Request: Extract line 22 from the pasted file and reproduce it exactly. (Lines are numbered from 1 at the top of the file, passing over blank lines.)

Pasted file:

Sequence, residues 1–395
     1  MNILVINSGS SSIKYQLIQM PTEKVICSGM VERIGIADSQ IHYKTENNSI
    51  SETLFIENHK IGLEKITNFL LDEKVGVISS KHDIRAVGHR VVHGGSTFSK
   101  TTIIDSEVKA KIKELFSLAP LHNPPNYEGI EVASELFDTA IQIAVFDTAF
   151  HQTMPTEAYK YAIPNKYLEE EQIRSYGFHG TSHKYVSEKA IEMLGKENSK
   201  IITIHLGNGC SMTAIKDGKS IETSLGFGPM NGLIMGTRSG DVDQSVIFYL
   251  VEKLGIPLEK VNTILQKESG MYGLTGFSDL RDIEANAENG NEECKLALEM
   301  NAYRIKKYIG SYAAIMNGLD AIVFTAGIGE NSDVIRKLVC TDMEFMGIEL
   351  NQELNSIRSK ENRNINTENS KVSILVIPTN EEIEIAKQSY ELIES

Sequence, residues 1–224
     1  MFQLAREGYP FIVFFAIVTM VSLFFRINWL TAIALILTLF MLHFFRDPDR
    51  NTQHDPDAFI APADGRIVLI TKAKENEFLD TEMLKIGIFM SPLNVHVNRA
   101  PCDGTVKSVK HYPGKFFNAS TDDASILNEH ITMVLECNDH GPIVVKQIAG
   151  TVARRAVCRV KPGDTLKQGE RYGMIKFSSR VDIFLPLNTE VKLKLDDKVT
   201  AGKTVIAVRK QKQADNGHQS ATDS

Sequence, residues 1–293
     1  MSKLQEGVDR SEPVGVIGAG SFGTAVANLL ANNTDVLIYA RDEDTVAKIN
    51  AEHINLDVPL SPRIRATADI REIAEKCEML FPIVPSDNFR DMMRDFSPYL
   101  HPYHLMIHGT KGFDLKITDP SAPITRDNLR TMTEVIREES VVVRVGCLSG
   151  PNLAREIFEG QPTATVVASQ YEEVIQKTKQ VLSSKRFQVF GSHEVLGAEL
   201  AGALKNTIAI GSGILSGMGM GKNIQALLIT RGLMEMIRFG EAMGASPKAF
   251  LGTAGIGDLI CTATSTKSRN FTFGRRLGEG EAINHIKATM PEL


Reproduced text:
   251  LGTAGIGDLI CTATSTKSRN FTFGRRLGEG EAINHIKATM PEL